The massive fire that broke out at the Notre-Dame Cathedral in Paris on Monday has been put out, after a long battle with the flames by 500 firefighters overnight. The fire set off an alarm in the cathedral around 6:20 p.m. Paris time, after which tourists and people in the area were quickly evacuated. Initial reports said that officials think “that it could be linked to renovation work.” Construction on Notre-Dame de Paris, its official name, began in the 12th century, and the cathedral has been restored several times since. The fire quickly spread to the roof’s wooden beams, known as la forêt, some of which date back to the cathedral’s first hundred years.
Though both belfry towers of the cathedral were saved from the fire (which could have led to the total destruction of the building, experts said), the nearly thousand-year-old structure sustained unimaginable damage from heat, fire, and water poured in by firefighters. Three holes in the structure have been identified, including one from the collapse of the iconic central spire, which sent witnesses in the streets reeling as it fell.
Now that the fire has been extinguished and the structure has been found structurally sound, officials have begun investigating what happened and are considering it an accident—a Paris prosecutor told journalists that “nothing at this stage suggests a voluntary act.” Contractors were working on renovations before the fire began, though they were not on-site at the time.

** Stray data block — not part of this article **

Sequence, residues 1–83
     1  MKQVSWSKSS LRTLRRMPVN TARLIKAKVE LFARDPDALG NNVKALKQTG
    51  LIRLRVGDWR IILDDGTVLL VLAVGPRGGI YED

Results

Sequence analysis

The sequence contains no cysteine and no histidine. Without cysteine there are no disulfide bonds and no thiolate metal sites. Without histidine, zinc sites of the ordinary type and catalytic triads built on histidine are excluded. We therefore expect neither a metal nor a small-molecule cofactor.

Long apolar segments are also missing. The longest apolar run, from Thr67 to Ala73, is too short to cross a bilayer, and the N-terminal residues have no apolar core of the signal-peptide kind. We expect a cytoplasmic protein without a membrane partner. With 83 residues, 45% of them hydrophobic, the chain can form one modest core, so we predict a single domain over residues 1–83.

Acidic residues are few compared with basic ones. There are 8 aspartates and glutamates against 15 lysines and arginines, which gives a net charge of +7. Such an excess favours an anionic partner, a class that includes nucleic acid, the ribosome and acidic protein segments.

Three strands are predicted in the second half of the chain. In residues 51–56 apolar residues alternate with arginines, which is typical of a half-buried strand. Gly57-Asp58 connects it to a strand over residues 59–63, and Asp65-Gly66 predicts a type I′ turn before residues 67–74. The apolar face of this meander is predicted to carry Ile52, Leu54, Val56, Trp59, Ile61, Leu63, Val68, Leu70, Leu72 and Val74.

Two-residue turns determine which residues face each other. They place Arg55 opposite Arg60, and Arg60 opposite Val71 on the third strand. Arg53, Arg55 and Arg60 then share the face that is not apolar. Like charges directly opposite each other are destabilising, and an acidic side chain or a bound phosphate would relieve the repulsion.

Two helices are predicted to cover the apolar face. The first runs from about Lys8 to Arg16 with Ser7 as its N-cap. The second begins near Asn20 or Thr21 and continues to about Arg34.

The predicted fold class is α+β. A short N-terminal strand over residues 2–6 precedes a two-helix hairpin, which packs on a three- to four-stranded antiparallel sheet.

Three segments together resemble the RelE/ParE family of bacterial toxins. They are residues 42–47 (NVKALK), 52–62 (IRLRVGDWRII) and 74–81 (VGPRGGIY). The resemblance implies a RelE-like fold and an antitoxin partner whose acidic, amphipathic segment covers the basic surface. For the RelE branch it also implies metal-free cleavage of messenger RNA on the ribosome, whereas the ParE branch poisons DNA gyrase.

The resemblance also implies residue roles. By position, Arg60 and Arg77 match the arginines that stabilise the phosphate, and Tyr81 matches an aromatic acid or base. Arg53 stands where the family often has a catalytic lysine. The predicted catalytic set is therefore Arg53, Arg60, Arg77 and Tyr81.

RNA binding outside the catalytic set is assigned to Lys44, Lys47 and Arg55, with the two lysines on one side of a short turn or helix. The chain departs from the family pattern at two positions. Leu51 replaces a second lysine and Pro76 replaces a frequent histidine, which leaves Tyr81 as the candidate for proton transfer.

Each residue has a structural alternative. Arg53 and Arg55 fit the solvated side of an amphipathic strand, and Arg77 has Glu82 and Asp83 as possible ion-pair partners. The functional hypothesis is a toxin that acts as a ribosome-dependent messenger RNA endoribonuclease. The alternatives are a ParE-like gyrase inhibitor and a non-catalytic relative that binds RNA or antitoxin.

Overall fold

At risk from the flames also were dozens of religious relics and sacred works of art that are now being safeguarded and sent for restoration to the Louvre. The culture minister, Franck Riester, said religious relics saved from the cathedral, including the crown of thorns and the tunic of Saint Louis, were being securely held at the Hôtel de Ville, and works of art that sustained smoke damage were being taken to the Louvre, where they would be dried out, restored, and stored. Three beloved stained-glass rose windows appeared to be intact, according to The Guardian.
Two fashion industry billionaires led the way toward rebuilding the cathedral: On Monday night, François-Henri Pinault, the chairman and CEO of the luxury conglomerate Kering, and his wife Salma Hayek pledged 100 million euros to aid in the restoration of the cathedral. Among Kering’s stable of brands are Gucci, Saint Laurent, Alexander McQueen, and Balenciaga. Soon after, Bernard Arnault, the chairman and CEO of rival corporation LVMH, pledged 200 million euros for the cathedral’s repair. A group of other wealthy donors, in addition to ordinary citizens, has put the fund-raising efforts reportedly over 600 million euros in less than a day.
On Monday night, French citizens gathered on bridges and in the streets to watch and mourn the building as the fire continued to burn.
Original article: https://www.vogue.com/article/notre-dame-cathedral-fire-paris